Having twins can be the most amazing experience of your life. It can also cause you to wake up in the morning wishing you were someone else. Twinning offers an honest depiction of life with twins from a mom who tries to keep things somewhere in the middle.
When my daughter Allie said â€śMamaâ€ť at only seven months old, I was probably the proudest mom on the planet. Seven months old! She was obviously a genius. And she didnâ€™t just say it onceâ€”she said it over and over for about an hour, long enough for me to videotape it so I could prove to all my relatives that I had one of the smartest babies in the world.
Then Allie didnâ€™t say â€śMamaâ€ť or anything else for months. Both my twins didnâ€™t really start speaking until they were two years old. When they did talk before that, all they basically said was â€ścatâ€ť and we didnâ€™t even have a cat.
By the time they were 10 months old, both Allie and Nick were babbling â€śmamamaâ€ť and â€śdadadaâ€ť but still not saying words with meaning. My mom thought it was helpful to point out repeatedly that I started talking at nine months, but I wasnâ€™t worried. Iâ€™d read and heard from many twin-mom friends that twins start talking later than singleton babies and sometimes only speak in a language the two of them understand. I was okay with waiting.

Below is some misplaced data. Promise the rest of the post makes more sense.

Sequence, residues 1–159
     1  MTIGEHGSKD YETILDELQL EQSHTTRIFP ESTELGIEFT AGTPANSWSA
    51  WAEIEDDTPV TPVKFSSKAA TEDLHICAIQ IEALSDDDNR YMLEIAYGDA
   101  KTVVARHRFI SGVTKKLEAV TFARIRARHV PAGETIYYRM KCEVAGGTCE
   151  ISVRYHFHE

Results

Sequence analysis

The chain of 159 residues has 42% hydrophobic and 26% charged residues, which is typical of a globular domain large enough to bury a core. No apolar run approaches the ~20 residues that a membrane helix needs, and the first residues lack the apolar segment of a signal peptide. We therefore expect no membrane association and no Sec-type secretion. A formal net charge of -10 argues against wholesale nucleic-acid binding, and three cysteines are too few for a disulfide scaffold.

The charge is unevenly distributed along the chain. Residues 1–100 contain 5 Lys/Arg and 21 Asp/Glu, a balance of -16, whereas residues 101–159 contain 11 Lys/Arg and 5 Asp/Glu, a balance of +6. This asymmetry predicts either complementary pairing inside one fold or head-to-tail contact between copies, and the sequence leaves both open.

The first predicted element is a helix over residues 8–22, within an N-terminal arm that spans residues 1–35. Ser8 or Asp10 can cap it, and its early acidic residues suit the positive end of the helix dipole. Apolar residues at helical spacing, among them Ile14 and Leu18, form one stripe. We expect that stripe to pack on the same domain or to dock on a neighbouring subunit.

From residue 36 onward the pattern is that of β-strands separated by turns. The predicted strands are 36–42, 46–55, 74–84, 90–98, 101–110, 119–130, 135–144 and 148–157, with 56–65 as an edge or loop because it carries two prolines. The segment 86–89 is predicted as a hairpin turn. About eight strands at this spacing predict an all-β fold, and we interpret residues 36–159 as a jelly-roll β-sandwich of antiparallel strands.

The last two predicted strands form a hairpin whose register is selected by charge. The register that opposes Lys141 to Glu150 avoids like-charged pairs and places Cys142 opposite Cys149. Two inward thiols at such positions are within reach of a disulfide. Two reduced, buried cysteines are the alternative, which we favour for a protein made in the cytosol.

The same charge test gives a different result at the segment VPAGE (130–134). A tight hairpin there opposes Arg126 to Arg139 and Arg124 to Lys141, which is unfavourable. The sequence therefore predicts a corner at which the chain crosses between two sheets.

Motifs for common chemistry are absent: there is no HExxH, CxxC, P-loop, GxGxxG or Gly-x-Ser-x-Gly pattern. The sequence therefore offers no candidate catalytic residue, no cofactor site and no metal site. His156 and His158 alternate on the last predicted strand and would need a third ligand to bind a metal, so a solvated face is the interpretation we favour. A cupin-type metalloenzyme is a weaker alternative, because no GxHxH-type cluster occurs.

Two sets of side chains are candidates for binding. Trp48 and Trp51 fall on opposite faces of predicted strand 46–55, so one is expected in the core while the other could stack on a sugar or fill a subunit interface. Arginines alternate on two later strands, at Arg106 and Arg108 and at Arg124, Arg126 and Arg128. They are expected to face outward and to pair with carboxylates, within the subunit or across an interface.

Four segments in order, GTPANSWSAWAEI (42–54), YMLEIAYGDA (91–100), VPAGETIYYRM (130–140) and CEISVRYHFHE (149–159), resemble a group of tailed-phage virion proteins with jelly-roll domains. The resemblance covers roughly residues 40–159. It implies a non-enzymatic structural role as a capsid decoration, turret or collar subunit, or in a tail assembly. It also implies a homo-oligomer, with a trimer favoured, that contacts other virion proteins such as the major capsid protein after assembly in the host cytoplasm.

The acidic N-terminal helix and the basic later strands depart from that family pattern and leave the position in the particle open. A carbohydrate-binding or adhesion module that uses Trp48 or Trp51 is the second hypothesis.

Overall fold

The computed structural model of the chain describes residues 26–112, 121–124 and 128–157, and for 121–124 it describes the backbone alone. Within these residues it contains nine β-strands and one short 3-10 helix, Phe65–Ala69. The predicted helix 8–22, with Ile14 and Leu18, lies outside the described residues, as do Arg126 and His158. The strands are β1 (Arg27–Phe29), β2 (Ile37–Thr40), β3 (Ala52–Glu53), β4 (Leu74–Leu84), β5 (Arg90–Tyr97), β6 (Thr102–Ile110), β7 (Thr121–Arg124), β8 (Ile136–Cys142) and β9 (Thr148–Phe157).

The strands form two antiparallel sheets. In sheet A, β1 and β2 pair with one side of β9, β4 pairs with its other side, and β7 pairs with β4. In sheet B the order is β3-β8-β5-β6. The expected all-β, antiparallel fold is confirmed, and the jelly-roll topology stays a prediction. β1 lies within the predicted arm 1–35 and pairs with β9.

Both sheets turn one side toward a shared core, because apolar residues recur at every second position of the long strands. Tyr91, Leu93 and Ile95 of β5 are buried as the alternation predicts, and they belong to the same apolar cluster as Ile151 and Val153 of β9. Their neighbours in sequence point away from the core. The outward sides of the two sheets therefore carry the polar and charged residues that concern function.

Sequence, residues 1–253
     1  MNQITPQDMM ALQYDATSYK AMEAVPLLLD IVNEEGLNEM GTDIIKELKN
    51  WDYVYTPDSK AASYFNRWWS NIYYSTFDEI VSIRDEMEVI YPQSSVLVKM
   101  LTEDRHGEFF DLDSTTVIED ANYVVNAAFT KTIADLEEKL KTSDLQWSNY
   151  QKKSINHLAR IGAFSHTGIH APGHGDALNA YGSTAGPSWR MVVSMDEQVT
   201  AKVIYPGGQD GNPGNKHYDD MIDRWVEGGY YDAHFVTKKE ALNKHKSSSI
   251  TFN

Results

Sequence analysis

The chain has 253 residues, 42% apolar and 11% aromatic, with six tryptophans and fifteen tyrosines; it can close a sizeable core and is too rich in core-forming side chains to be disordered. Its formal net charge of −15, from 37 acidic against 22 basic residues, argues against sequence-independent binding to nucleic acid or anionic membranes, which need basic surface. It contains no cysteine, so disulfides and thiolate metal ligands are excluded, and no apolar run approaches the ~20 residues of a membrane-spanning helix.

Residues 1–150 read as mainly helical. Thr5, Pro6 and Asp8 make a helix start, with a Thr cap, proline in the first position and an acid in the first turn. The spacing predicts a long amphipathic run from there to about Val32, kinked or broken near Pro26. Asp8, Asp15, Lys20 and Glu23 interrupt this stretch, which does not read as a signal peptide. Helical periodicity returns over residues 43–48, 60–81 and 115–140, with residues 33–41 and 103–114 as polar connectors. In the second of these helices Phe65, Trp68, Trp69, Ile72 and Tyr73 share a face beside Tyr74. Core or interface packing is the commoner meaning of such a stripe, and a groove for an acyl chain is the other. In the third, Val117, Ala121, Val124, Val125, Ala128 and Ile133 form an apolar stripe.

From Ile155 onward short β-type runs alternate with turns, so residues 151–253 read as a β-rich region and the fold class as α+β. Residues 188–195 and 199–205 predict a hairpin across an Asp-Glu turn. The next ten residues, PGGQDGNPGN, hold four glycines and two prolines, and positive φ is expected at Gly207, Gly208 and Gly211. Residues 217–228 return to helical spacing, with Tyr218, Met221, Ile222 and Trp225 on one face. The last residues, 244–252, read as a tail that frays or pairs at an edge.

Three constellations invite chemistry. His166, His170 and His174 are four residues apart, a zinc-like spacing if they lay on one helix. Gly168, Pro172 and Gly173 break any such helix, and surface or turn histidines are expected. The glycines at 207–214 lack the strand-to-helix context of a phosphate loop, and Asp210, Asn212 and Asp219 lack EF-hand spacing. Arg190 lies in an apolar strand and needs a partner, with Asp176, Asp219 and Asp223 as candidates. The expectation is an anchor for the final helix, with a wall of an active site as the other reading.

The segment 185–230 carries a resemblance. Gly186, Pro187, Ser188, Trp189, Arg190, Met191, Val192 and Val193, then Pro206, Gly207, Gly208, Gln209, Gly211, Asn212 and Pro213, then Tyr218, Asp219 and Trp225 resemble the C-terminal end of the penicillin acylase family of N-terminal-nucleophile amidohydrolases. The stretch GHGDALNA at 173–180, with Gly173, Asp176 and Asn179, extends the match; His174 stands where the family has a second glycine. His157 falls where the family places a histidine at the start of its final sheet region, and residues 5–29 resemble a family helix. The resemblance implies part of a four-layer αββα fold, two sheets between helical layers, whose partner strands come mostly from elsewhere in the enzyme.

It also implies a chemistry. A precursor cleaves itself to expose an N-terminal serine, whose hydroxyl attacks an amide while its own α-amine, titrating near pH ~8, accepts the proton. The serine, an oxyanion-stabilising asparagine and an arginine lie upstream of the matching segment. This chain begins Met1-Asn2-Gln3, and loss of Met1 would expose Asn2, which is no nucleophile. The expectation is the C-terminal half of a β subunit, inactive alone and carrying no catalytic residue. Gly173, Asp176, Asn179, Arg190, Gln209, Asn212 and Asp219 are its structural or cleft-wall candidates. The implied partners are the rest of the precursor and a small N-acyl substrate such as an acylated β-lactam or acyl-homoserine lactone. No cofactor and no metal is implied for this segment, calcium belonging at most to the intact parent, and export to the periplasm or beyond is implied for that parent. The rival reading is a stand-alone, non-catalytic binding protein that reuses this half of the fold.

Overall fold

When he was a year old, Nick learned how to whine â€śMomâ€ťâ€”heâ€™d really drag it out and pronounce it a little like the character Cartman in “South Parkâ€ť does: â€śMaaaam.â€ť For a few weeks, it was the first thing heâ€™d say when he woke up, and it was the first thing Iâ€™d hear on the monitor in the morning. I have to admit that I didnâ€™t mind waking up to itâ€”when your kids arenâ€™t talking, you take what you can get.
Then when he was 14 months old, Nick replaced â€śMaaaamâ€ť with â€ścatâ€ť and he would say it all day long. Any animal heâ€™d see was a cat. After a few days of listening to his cat-centric talk, Allie figured it was a good idea and joined him in calling everything a cat. Weâ€™d be outside and see someone walking their dog, and they would yell â€śCAT!â€ť Iâ€™d show them flashcards that had pictures of keys, a ball, a baby, a cat, and for every one, Nick would say â€ścat.â€ť Naturally during the first few weeks of this cat-talk, I would correct them, saying â€śThatâ€™s a doggy!â€ť or â€śThatâ€™s a ball!â€ť but every time I did, they would just shout me down with â€ścat!â€ť